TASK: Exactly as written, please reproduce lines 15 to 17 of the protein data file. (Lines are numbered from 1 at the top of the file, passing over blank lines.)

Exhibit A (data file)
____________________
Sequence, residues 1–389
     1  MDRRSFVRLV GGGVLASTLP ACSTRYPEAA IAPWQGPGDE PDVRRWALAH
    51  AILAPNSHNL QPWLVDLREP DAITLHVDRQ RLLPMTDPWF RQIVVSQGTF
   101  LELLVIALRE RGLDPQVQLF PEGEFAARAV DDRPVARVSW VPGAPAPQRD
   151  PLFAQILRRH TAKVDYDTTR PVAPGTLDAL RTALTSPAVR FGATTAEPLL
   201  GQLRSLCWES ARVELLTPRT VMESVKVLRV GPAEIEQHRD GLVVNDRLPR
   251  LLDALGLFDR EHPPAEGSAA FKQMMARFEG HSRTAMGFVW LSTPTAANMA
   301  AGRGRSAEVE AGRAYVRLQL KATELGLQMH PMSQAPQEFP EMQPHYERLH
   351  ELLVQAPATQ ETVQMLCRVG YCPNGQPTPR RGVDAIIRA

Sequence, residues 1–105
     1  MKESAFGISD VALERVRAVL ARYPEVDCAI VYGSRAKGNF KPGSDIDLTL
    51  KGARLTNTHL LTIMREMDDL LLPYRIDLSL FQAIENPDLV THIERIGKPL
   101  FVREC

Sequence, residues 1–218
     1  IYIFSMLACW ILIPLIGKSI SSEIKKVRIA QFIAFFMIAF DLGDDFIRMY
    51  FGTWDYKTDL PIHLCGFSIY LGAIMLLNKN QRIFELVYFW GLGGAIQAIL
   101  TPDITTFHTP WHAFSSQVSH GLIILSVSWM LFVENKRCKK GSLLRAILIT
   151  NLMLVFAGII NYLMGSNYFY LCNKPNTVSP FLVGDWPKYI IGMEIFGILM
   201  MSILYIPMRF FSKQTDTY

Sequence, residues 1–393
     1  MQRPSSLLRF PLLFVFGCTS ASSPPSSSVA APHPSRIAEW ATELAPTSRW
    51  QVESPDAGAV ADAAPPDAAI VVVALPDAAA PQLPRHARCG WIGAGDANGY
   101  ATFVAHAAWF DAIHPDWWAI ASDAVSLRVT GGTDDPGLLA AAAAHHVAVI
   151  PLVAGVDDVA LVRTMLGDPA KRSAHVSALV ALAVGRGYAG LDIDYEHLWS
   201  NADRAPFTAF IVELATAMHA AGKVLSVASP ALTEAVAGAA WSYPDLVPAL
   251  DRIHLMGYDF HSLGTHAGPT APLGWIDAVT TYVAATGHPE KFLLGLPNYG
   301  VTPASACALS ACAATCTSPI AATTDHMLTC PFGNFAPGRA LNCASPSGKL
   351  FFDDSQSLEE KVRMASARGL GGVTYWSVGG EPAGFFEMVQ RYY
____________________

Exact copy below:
     1  IYIFSMLACW ILIPLIGKSI SSEIKKVRIA QFIAFFMIAF DLGDDFIRMY
    51  FGTWDYKTDL PIHLCGFSIY LGAIMLLNKN QRIFELVYFW GLGGAIQAIL
   101  TPDITTFHTP WHAFSSQVSH GLIILSVSWM LFVENKRCKK GSLLRAILIT